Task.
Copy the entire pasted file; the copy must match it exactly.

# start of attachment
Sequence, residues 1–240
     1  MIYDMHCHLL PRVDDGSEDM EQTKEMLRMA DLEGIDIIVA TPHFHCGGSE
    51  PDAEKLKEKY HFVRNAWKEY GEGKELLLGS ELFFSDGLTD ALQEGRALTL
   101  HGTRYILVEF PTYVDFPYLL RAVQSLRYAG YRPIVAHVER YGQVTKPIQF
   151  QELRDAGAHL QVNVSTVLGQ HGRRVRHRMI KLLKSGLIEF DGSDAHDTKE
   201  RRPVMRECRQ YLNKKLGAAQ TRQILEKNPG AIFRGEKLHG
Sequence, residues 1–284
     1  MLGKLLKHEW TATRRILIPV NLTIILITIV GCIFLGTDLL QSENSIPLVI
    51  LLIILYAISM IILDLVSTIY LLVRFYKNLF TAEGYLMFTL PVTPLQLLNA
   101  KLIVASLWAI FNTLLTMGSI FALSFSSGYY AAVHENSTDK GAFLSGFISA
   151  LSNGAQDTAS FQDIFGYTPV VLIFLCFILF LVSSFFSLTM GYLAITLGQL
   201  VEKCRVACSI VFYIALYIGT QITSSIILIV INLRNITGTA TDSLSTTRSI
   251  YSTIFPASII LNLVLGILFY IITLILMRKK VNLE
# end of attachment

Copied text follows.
Sequence, residues 1–240
     1  MIYDMHCHLL PRVDDGSEDM EQTKEMLRMA DLEGIDIIVA TPHFHCGGSE
    51  PDAEKLKEKY HFVRNAWKEY GEGKELLLGS ELFFSDGLTD ALQEGRALTL
   101  HGTRYILVEF PTYVDFPYLL RAVQSLRYAG YRPIVAHVER YGQVTKPIQF
   151  QELRDAGAHL QVNVSTVLGQ HGRRVRHRMI KLLKSGLIEF DGSDAHDTKE
   201  RRPVMRECRQ YLNKKLGAAQ TRQILEKNPG AIFRGEKLHG
Sequence, residues 1–284
     1  MLGKLLKHEW TATRRILIPV NLTIILITIV GCIFLGTDLL QSENSIPLVI
    51  LLIILYAISM IILDLVSTIY LLVRFYKNLF TAEGYLMFTL PVTPLQLLNA
   101  KLIVASLWAI FNTLLTMGSI FALSFSSGYY AAVHENSTDK GAFLSGFISA
   151  LSNGAQDTAS FQDIFGYTPV VLIFLCFILF LVSSFFSLTM GYLAITLGQL
   201  VEKCRVACSI VFYIALYIGT QITSSIILIV INLRNITGTA TDSLSTTRSI
   251  YSTIFPASII LNLVLGILFY IITLILMRKK VNLE